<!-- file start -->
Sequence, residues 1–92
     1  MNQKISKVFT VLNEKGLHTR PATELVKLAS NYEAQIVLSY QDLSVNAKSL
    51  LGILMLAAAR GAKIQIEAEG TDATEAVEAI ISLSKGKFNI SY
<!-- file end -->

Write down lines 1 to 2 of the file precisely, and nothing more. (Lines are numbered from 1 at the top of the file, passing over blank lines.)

Sequence, residues 1–92
     1  MNQKISKVFT VLNEKGLHTR PATELVKLAS NYEAQIVLSY QDLSVNAKSL